How Return-to-Office Mandates Could Affect Workers with Disabilities

Shauneen Miranda | September 4, 2023

A silhouette of an office chair over a blue background, painted on a parking space

As companies continue to roll out return-to-office (RTO) mandates, advocates have expressed concern about what those policies could mean for employees with disabilities who were previously working remotely.

The big picture: Research has shown that adults with disabilities, who make up the second-largest minority group in the U.S., have benefited from remote work opportunities stemming from the COVID pandemic.

  • A 2022 analysis from the Economic Innovation Group found that remote jobs saw the largest increase in the share of employees with disabilities, suggesting that remote work can lead to job opportunities across fields.
  • People with disabilities, aged 25 to 54, were 3.5 percentage points more likely to be employed in the second quarter of 2022 than before the pandemic began, according to the analysis.

Zoom in: Remote work has played a role in the record employment rates of Hispanic people with disabilities.

What they're saying: "[Remote work] is something we've been advocating for for decades, way, way before COVID because we know that for certain types of disabilities, remote work is an incredible opportunity," Charles Catherine, director of corporate and government relations at the National Organization on Disability, told Axios.

Yes, but: With corporations such as Disney, Amazon and Google now requiring at least hybrid versions of in-person work, there are new questions about how workers with disabilities are accounted for.

Between the lines: Thomas Foley, executive director of the National Disability Institute, told Axios that he has "great concerns" for RTO for people with disabilities, including transportation to and from work, workplace accessibility and the potential to encounter micro or larger aggressions.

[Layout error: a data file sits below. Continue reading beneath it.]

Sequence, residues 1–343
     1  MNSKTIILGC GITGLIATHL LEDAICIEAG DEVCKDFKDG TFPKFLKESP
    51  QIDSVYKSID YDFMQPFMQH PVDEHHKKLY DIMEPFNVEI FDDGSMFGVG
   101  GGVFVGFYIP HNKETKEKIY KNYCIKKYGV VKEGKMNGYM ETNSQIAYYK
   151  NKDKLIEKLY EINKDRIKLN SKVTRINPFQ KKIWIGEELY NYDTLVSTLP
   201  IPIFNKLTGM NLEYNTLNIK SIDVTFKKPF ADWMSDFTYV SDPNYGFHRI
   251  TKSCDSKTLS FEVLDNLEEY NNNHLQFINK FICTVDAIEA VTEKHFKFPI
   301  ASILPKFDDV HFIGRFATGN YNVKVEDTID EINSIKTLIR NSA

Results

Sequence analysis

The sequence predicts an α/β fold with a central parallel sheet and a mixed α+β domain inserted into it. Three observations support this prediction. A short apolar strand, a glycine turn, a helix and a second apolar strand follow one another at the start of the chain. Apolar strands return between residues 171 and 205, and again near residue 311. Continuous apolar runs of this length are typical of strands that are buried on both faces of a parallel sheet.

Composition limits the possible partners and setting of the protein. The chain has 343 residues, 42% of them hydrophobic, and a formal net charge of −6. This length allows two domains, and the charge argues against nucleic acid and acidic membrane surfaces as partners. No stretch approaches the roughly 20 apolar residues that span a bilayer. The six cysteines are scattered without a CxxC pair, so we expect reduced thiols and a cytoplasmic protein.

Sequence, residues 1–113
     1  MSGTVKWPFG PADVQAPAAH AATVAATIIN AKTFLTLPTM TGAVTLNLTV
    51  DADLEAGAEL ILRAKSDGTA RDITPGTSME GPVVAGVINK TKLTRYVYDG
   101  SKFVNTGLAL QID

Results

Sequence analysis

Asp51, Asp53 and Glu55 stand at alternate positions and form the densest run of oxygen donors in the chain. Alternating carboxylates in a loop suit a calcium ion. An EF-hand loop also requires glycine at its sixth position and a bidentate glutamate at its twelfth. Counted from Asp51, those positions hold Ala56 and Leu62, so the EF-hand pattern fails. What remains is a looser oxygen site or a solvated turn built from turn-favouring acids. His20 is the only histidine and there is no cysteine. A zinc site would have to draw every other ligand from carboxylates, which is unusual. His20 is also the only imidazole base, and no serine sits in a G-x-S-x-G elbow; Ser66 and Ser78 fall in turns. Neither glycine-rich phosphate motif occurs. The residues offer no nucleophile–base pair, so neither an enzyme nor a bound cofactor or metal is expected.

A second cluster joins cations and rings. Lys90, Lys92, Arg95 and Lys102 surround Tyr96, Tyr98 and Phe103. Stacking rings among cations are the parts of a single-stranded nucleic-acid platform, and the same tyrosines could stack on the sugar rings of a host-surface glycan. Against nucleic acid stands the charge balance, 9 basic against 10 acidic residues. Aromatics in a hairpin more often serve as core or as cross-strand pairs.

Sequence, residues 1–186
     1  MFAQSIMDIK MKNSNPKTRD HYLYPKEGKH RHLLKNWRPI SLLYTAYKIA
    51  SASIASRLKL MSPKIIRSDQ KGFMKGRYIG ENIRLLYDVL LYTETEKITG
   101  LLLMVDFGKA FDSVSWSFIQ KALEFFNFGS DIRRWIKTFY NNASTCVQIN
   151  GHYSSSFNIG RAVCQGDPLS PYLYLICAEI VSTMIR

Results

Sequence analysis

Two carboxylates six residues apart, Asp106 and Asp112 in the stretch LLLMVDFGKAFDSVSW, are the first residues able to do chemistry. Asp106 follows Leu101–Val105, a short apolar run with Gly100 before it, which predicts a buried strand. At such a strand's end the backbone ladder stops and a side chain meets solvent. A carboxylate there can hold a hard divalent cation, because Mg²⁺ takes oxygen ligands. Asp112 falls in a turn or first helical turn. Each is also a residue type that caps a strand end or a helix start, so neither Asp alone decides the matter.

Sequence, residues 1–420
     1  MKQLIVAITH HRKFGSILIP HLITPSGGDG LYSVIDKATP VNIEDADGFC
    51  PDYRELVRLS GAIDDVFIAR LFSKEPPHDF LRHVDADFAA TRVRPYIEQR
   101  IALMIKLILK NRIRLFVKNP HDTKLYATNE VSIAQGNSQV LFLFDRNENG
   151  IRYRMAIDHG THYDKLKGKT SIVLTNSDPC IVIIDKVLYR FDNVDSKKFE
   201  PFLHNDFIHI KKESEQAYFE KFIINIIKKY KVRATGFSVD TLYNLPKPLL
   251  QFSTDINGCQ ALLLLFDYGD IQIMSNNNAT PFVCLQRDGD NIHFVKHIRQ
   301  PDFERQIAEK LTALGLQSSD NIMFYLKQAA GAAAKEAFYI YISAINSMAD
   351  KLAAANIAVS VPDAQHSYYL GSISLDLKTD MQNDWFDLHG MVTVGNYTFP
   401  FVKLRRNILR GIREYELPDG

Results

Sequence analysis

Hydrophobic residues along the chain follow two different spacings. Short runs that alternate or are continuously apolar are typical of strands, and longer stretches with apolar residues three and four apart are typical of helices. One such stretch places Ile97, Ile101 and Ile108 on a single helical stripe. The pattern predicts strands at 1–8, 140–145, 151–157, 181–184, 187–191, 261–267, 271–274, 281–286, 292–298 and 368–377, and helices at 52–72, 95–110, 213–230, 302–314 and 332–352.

• Foley said some could be "disproportionately impacted" by RTO because they might have never worked in the office.

The U.S. Equal Employment Opportunity Commission told Axios that the Americans with Disabilities Act does not require an employer to offer a telework program to all employees.

  • "However, if an employer does offer telework, it must allow employees with disabilities an equal opportunity to participate in such a program," Brandalyn Bickner, a spokesperson for the U.S. Equal Employment Opportunity Commission, said in a statement.
  • Bickner added that the ADA's reasonable accommodation obligation includes "modifying workplace policies" and "might require an employer to waive certain eligibility requirements or otherwise modify its telework program for someone with a disability who needs to work at home."

Zoom out: Despite workforce participation rates for people with disabilities being as high as they've ever been in history, people with disabilities are twice as likely to be unemployed as people without disabilities in the U.S.

  • "Remote work is one small solution, but there is so much more to do around this," Catherine said.

Go deeper: Remote work boosts opportunities for workers with disabilities

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